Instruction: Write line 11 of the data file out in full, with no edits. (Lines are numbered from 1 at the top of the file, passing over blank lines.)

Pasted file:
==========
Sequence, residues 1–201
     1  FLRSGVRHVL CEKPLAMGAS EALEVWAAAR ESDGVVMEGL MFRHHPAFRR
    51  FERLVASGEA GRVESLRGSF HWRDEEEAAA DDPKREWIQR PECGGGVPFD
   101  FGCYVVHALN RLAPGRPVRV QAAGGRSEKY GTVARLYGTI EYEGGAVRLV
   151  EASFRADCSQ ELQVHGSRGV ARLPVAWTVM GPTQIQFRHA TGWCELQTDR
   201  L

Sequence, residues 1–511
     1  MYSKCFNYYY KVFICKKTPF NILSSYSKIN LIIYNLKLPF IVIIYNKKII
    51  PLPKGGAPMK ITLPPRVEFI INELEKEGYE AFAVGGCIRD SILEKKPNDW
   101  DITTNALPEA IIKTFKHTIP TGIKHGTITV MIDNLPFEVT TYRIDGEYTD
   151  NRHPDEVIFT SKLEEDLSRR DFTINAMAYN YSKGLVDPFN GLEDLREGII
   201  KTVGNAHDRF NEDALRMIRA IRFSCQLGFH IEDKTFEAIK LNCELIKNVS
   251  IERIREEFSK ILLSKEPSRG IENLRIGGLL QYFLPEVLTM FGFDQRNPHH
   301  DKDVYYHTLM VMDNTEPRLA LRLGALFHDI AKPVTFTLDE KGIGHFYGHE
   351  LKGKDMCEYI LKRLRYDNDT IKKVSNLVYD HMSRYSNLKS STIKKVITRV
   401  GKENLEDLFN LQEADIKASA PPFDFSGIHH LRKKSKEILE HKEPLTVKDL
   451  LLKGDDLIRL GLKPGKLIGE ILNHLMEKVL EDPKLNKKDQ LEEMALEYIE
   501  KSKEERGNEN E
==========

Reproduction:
   151  NRHPDEVIFT SKLEEDLSRR DFTINAMAYN YSKGLVDPFN GLEDLREGII